Probably the hardest thing to make when writing a novel is to make or alter a culture. This is even harder if your writing something set far enough in the future for things to be different but not far enough for all the current trends to be washed away.
I tend break down culture to three groups
The first is what I call the transitory level.
This would be things like individual politicians who rise and fall in prominence, or pop stars or anything that last less then a generation then has little effect afterward.
Everything on this level will be completely different in twenty or fifty years. Feel free to change everything here, you hardly even have to justify it.
The second is the core identity level.
This would the things that the culture holds most sacred, truths they hold to be so true they don’t have to prove them. For example “Freedom is important, and is worth dying for.” or “Human life has value and should not be wasted.”
These are often so ingrained they are more emotional then rational. These either shift very slowly, or require a very large impetus to change quickly.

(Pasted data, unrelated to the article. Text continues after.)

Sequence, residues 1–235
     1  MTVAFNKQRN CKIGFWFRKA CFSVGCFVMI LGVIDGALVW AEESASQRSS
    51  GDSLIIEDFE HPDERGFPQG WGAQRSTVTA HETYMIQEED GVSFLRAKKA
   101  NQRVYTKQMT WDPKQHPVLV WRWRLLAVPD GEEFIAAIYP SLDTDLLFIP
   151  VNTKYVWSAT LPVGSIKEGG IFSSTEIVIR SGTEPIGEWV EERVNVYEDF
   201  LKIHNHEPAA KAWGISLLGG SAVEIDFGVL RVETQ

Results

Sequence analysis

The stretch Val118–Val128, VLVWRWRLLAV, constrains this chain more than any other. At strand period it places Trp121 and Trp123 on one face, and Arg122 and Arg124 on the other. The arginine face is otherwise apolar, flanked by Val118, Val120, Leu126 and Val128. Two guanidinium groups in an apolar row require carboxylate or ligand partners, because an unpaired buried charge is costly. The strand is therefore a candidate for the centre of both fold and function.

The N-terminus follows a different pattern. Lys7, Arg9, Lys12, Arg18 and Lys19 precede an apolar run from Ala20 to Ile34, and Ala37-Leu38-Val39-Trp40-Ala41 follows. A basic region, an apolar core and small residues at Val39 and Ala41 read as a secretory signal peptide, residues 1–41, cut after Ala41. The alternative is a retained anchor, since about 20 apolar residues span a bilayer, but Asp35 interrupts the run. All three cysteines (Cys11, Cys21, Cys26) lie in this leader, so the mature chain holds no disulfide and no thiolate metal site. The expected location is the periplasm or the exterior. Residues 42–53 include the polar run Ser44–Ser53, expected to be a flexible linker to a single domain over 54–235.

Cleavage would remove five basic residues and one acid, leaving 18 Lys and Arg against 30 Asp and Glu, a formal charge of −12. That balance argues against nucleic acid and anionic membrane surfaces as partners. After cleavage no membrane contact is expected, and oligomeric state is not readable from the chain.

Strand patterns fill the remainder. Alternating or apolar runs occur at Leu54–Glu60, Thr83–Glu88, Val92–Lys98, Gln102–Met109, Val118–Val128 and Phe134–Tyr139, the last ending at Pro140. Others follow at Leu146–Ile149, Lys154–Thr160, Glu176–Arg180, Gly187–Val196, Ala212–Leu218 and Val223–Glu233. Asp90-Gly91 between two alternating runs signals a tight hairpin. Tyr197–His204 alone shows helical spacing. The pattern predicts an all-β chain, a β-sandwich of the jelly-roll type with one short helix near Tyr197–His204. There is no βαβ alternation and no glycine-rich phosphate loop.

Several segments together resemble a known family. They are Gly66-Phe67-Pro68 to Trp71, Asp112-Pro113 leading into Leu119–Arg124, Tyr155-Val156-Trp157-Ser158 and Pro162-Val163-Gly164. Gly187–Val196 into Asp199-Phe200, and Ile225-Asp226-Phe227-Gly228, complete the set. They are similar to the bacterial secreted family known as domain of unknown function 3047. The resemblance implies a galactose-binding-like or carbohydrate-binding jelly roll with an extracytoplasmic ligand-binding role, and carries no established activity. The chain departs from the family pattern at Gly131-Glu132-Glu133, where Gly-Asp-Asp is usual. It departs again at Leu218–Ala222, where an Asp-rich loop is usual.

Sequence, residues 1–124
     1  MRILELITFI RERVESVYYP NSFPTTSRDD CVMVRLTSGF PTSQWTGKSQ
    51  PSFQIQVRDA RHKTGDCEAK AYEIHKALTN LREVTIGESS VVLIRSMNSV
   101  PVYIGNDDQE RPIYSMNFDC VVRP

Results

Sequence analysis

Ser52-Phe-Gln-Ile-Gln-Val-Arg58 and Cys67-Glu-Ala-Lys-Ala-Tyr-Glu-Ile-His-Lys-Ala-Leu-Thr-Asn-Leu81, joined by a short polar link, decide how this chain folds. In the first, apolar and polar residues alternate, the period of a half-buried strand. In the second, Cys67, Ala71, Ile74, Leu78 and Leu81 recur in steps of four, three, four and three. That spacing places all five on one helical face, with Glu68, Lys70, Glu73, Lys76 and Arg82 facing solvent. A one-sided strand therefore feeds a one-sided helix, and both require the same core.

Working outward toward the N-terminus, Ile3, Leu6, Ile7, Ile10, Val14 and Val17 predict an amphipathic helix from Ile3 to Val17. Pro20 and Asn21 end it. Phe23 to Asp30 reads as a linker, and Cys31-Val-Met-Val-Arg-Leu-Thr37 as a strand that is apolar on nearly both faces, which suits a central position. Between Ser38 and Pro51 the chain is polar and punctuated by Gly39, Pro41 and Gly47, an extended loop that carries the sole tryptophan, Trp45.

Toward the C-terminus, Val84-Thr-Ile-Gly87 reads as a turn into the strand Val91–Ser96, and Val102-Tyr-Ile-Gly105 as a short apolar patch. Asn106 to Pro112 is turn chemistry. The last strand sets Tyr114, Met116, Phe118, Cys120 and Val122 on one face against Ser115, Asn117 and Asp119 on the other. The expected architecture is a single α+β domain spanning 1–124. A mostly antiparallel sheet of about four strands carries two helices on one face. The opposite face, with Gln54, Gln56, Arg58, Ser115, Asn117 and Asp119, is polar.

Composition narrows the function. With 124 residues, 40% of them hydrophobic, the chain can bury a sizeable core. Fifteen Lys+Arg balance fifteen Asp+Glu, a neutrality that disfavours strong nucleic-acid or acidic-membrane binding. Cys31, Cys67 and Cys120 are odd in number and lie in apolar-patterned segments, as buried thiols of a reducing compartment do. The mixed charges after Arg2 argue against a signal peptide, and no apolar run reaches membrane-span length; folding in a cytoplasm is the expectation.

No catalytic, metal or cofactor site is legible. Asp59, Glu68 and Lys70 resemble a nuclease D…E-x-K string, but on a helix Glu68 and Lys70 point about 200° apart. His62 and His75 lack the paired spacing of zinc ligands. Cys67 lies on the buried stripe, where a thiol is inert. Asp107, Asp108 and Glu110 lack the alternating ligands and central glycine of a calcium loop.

They effect everything about that society, if you change one even a little then you will cause rippling effects that need to be plotted out.
The third is often overlooked, that of biology.
By biology I mean urges and such that we all have, things that push us all whether we want them to or not.
Not to say you can’t fight it, but if you do it pushes back. The best example of this would be the sex drive. One thing that all civilizations have had in common is that they have had whores, often they were not legal, but they were still there.
Even if you go ten thousand years into the future, if humanity is (somehow) unchanged then it will have certain commonalities, certain urges that remain.